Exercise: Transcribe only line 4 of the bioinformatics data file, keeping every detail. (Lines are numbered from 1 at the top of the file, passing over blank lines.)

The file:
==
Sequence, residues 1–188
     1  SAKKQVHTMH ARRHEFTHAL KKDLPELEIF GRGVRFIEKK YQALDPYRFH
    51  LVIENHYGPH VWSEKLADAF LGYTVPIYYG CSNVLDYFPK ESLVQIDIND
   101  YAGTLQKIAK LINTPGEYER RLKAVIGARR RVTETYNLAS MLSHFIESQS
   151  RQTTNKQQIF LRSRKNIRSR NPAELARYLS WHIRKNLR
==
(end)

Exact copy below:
   101  YAGTLQKIAK LINTPGEYER RLKAVIGARR RVTETYNLAS MLSHFIESQS